5. Kerry says:

    Wow! I only wish I lived in England, I would be over there in a shot to help with the clean up! I have just found out this is where my Grandfather, Grandmother and my Grandfathers first wife are buried. There is no marker. My Grandfather is Joseph William Martin.

    I am curious to know if there are any other Martins buried there.

    Excellent work!
    By the way, how much would a grave marker cost ?

    • hello Kerry,

      You must be Kathleen’s friend in Canada! Just a bit too far to come for our next work day.

      There are 49 people with the name MARTIN buried in the cemetery. I have since worked out that Joseph William’s parents and one of his brothers are among them. Also buried in the cemetery are the parents and several siblings of his first wife. There are family graves related to your grandmother at City Road cemetery. You can find listings at

      I will email you some more details.

      Hugh Waterhouse (Freinds of Walkley Cemetery)

  6. Samantha Bowskill says:

    Hi, I’ve been researching my family tree and just a flippant remark mentioning a family grave from my Nan yesterday made me walk in pouring wind and rain up to a cemetery that I never really knew existed!

    I spent over an hour looking for the grave. Cold, wet and disheartened I was ready to leave when I decided to look at a gravestone which was obstructed by undergrowth and completely covered in ivy. Can you imagine my delight when, pulling the first bit of ivy off the grave, the surname “Bowskill” appeared! I didn’t care much for the wind and rain at that moment, only to clear the grave stone of my great great grandparents.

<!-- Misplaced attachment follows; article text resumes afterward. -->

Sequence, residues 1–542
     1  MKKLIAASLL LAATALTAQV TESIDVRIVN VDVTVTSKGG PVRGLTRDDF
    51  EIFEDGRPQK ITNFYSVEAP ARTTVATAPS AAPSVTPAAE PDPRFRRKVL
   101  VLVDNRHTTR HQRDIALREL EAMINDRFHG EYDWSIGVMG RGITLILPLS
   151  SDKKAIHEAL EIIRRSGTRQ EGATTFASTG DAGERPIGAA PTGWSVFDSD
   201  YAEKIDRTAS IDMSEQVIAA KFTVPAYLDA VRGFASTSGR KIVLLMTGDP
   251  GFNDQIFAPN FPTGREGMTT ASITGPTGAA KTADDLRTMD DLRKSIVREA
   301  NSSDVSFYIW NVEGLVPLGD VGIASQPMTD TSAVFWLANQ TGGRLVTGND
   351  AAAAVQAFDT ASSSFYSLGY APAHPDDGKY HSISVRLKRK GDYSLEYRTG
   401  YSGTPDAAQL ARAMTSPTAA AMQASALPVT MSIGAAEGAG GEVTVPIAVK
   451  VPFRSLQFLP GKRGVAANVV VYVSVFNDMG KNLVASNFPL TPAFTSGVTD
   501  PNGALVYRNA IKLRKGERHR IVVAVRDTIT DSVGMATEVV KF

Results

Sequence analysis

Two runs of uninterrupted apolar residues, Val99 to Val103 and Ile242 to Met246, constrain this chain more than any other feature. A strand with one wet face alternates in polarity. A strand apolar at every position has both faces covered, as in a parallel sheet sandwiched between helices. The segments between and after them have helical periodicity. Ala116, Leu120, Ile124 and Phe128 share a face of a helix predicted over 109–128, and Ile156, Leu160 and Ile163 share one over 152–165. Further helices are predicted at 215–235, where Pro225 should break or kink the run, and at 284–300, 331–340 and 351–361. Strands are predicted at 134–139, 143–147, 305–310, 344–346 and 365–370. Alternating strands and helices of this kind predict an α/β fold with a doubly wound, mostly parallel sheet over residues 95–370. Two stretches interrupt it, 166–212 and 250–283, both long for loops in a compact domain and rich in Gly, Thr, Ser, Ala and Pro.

It’s a beautiful cemetery, though you do have your work cut out to clean it up! Therefore I would love to help BUT at the moment I work part time and that includes Saturday and Sundays, is there any other times during weekdays that tidying goes on? Otherwise, once I get a full time job that doesn’t include weekends I’ll gladly lend a hand.

    Kind regards

    Samantha Bowskill

    ps Do you have a photograph of the chapel that once stood in the graveyard?

  7. Sarah Green says:

    I am looking for a family grave belonging to the Twigg family – Family Grave No.138 Section A. I have been twice now & failed to find it. Any information you could provide as to where it is located amongst the undergrowth! would be greatly appreciated.

    • Hello Sarah,

      This grave is close to the main gate. There is no gravestone marked on the plan, but I can’t be certain that this is accurate without checking on the ground.

      If you send us an email (see the contact tab at the top of the page for our address), I will send you a plan to help you find it.


  8. Jean Burton says:

    Hi, I am wondering if you have the record for my great grandmother, Jenny Turton, who was buried in the Walkley part of the cemetary sometime in the late 40’s to the early 50’s, I remember as a child taking a small tree and planting it where her grave appeared to be (no headstone), I think of her often in her small back to back house in upper walkley

  9. hello Jean,
    Jennie Amelia Turton was buried in this cemetery on 29 Feb 1956. Her husband Charles Edward had also been buried here on 30 Oct 1930.

    Now comes the frustrating part. According to our transcription, neither entry in the burial register records the grave reference. Since there is no surviving grave register and no gravestone I am unable to say where they are buried in the cemetery.

    I tried a little detective work – in the 1911 census Jennie had had 5 children of which one had died. I looked for that child in the baptisms and burial records without success. Charles Edward’s father Alfred is buried in grave H32, but that is essentially a DEAN family grave: Charles Edward’s sister Clara had married a William Myers DEAN and the latter is also buried in this grave. Also I can say there are no trees near this grave.

    Sorry I cannot be of more help. The only sure way of pinpointing the grave would be to find some of the paperwork for this grave from family sources.

    Hugh (Friends of Walkley Cemetery)